The Professionals (1966) / Western-Action
MPAA Rated: PG-13 for violence, some language and brief nudity
Running time: 117 min.
Cast: Lee Marvin, Burt Lancaster, Jack Palance, Claudia Cardinale, Robert Ryan, Woody Strode, Ralph Bellamy, Joe De Santis, Jorge Martinez de Hoyos, Rafael Bertrand, Marie Gomez
Director: Richard Brooks
Screenplay: Richard Brooks (based on the novel, "A Mule for the Marquesa", by Frank O'Rourke)
Review published June 18, 2008
Set in the early 20th Century, Joe 'J.W.' Grant (Bellamy, Trading Places) is a filthy rich American who employs four guns-for-hire to get back his wife, Maria (Cardinale, Once Upon a Time in the West), who has been taken by the ruthless Mexican revolutionary, and also murderer and thief, Jesus Raza (Palance, Young Guns). The mercenaries take the money, a tidy $10,000 each for her safe return, split among leader and former freedom fighter Henry 'Rico' Fardan (Marvin, The Man Who Shot Liberty Valance), munitions man Bill Dolworth (Lancaster, Field of Dreams), horse expert Hans Ehrengard (Ryan, The Longest Day), and longbow specialist and tracker Jake Sharp (Strode, Spartacus). Vastly outnumbered in the Mexican desert, they must rely on cunning, skill, and a great deal of luck to see their mission through. However, what they find once they get there isn't exactly what they bargained for, leaving the men wrangling over just who are the good guys and the bad guys in the whole sordid affair.
The film would be nominated for three Academy Awards, including two for Richard Brooks (Key Largo, Cat on a Hot Tin Roof) for his direction and adaptation and one for the gorgeous Valley of Fire and Death Valley cinematography by Conrad L. Hall (Cool Hand Luke, Fat City). Both men would get nominated for the same awards the following year for their next collaboration, In Cold Blood. The Professionals proved to be a worthy successor to such ensemble-driven classics as The Magnificent Seven and a precursor to more violent treatments like The Wild Bunch. Lee Marvin would also prove to be red hot at this point in his career, following The Professionals up with two of his fan favorites, The Dirty Dozen and Point Blank.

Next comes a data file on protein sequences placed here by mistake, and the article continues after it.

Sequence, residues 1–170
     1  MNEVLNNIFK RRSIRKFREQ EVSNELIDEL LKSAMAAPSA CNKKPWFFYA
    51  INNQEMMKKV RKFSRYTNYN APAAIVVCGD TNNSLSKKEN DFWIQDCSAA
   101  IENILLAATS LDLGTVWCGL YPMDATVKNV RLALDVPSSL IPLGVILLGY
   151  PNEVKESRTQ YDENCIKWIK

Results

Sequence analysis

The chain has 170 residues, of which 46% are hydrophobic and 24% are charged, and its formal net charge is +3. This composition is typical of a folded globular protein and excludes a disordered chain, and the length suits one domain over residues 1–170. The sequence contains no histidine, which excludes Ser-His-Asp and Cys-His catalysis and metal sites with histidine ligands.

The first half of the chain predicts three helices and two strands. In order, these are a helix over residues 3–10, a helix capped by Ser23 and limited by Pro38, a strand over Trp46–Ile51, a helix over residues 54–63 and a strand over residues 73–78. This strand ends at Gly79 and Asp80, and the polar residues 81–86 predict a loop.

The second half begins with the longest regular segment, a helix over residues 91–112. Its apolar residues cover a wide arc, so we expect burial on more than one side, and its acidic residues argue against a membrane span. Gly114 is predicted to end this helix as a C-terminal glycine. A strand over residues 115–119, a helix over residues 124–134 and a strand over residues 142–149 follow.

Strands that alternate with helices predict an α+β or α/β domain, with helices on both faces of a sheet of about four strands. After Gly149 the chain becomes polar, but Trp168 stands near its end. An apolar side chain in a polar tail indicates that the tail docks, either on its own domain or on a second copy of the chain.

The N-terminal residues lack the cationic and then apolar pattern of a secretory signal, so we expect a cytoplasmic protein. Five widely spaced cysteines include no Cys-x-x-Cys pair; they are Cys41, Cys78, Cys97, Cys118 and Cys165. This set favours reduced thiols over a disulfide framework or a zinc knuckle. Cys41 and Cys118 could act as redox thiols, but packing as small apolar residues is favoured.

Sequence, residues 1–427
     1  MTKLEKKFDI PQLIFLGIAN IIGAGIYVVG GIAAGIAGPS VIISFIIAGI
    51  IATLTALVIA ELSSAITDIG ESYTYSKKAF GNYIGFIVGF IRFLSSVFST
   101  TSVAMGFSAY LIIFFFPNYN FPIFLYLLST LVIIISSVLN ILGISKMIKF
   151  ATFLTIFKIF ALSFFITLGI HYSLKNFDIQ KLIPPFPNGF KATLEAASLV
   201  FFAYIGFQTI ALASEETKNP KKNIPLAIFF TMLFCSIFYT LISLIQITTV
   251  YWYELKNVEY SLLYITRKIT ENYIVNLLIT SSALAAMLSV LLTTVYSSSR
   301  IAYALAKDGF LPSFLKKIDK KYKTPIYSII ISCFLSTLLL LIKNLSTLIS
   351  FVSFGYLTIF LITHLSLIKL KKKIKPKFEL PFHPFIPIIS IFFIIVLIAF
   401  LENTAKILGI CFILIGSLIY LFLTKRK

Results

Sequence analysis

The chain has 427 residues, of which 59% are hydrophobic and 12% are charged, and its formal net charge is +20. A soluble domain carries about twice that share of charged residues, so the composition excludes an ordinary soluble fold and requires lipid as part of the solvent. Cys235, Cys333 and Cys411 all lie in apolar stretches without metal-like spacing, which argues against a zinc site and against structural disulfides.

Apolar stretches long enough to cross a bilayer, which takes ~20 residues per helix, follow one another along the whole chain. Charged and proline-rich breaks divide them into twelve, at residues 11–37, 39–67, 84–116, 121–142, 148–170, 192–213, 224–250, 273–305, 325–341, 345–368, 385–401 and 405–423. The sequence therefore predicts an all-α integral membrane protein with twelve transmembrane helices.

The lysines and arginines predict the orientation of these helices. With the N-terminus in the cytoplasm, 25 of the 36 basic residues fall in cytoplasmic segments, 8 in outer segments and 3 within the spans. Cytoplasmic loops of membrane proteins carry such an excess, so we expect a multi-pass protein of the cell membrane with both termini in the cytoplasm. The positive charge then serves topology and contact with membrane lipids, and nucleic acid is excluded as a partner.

As fine as he is, scenes are nevertheless stolen by the very charismatic Burt Lancaster, who gives his philosophical and faux-amoral dynamite expert character a real edge and charisma that makes him the character by which the entire movie feeds energy off of. He also single-handedly makes this one of the more amusing Westerns this side of Blazing Saddles, though not just through his performance, but through Brooks' witty, refreshing treatment of a rather straightforward plot.
One could rightfully nitpick about such things as Jack Palance's unconvincing fluency when trying to speak in Spanish, or Italian actress Cardinale's modest acting skills (her best asset is looking gorgeous), but given the enjoyment in watching their performances, I don't think I'd trade them for more authentic character actors. The casting truly is superb, and credit Brooks for infusing some genuine character to all of the roles, from the leads to the smaller supporting players, and especially to the character of Maria Grant, who actually does come away as the kind of woman men would pay dearly for, whether in money or their lives.
A hit at the time of its release, The Professionals, while undoubtedly a classic among Western lovers and Marvin fans, rarely gets the recognition it deserves. My guess is that this is due to being overshadowed shortly after by the aforementioned films like Marvin's larger ensemble hit, The Dirty Dozen, and the more violent and notorious Western, The Wild Bunch. While those films are far more popular, if you've seen and enjoyed them, you are highly recommended to catch The Professionals at your next available opportunity, as it delivers much of the same appeal. With loads of action, intrigue, adventure, humor, tragedy, thrills, and even a little romance, The Professionals, like the dynamite carried around by Dolworth, packs a sizable amount of bang in its sub-2 hour package.
©2008 Vince Leo